State of Play: Supporters the lifeblood of our league
Our clubs would not survive a single week without contribution of supporters and volunteers
A little over four years ago, League of Ireland supporters were asked to pinpoint their main priority in football as part of an online fan survey being conducted across Europe. Paid for by grant funding from the European Commission and Uefa, the ‘Improving Football Governance through Supporter Involvement and Community Ownership’ project brought Ireland’s long-suffering domestic football fans to the fore.
The main priority as selected by 78 per cent of the 1,504 respondents probably surprised more than a few and even now, four years on runs, against the general perception of what interests a football supporter. It was, no doubt, a reflection of what was happening in the league at the time, but what did the vast majority of LOI supporters want? On-field success? Trophies? More prize money? Lower ticket prices? No, they wanted to ensure the long-term stability of their football club.
The German Bundesliga and Swedish Allsvenskan may capture the international headlines in relation to fan ownership; however, there is a growing and consistent interest in the League of Ireland, and for two significant reasons.
First, half of our Premier Division clubs are co-operatives or members clubs in their legal form and, secondly, none of our senior clubs could survive a single week without the committed contribution of their supporters and volunteers. Literally, not a week. So, at least when it comes to supporter involvement in football, the League of Ireland is more than holding its own.
Does that mean everything is rosy in the garden? Of course not. But it’s important to place Ireland in context with the rest of Europe. There isn’t a league anywhere on the continent that doesn’t have its own struggles and challenges.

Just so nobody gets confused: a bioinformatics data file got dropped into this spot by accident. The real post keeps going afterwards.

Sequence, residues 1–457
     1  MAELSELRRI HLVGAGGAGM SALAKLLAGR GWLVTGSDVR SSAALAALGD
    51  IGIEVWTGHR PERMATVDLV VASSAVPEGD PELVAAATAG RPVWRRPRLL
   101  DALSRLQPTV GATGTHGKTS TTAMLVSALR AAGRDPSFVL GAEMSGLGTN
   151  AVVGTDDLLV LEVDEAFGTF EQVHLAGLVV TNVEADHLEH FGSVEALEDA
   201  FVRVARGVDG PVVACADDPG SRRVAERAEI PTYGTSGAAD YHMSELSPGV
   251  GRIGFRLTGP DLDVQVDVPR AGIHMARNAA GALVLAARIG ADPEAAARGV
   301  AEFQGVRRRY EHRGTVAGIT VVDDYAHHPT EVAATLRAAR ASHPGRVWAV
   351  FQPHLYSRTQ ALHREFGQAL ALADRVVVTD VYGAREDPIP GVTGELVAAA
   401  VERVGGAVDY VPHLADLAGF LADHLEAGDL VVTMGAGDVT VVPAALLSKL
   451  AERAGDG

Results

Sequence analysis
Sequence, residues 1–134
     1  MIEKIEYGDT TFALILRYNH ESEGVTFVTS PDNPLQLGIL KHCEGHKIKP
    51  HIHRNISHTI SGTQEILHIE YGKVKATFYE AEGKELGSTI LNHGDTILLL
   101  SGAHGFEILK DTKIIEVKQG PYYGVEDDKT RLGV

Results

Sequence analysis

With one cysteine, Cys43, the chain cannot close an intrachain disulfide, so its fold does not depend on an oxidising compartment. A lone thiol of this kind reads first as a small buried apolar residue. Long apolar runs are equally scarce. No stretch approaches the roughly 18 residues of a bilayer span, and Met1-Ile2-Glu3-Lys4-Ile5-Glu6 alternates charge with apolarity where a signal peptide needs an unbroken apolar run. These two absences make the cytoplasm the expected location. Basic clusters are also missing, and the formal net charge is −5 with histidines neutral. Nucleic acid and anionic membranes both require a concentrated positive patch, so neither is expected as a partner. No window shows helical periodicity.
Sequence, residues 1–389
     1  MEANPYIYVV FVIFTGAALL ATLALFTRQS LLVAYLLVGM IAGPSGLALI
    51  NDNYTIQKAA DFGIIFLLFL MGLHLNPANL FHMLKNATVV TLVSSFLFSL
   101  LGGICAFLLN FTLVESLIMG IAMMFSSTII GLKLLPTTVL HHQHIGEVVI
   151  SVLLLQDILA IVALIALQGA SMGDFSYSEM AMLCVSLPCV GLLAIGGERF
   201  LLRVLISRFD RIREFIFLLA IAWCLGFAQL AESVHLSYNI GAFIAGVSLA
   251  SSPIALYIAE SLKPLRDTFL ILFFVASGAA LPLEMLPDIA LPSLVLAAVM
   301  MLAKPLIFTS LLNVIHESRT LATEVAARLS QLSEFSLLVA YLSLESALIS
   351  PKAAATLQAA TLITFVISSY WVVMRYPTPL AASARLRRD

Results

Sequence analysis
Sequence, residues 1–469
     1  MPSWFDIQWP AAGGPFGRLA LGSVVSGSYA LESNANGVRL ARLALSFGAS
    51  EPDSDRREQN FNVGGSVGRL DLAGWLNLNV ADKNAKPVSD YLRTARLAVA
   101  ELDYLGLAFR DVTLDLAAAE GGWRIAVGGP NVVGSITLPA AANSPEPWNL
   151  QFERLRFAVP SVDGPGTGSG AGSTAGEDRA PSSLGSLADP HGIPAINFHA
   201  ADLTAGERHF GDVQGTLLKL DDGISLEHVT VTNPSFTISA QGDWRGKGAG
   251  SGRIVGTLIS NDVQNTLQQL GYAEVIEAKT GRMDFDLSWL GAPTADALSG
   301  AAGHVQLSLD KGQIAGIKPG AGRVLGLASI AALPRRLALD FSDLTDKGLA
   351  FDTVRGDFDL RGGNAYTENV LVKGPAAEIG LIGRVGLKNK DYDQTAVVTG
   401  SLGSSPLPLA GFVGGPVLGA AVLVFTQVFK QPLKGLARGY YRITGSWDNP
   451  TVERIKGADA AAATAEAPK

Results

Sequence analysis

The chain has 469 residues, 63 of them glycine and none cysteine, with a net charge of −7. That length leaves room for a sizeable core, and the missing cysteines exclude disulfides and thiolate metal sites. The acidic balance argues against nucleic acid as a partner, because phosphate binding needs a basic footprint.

If you visit Germany today, you’ll find masses of supporters unhappy at the outside pressure being applied to their famed 50 + 1 regulation (where 50 per cent of every club’s shareholding plus one belongs to its members). RB Leipzig - and owners Red Bull - have found a way of circumventing the rule, and few quarters are happy. Finding a solution and tackling thorny issues always start in the same place though - inclusive dialogue that’s respectful to all stakeholders. Including supporters.
I’ve been lucky enough to travel all over Europe as part of my role with SD Europe, an organisation that believes supporters are - and should be considered - one of the key stakeholders in our beautiful game. Quite often, there is always someone declaring: “Ah, but you need football people to run the club. Not fans.”
Supporters may sing, dance, chant, paint banners, wave flags and voice their frustrations. However, alongside trophies, they also want an impressive home ground, the most talented players in their side, the best academy set up, a handsome jersey, quality merchandise, big crowds and to dominate sports headlines for all the right reasons. They are, in fact, the most ambitious owners a football club can have, and deserve to be recognised as such.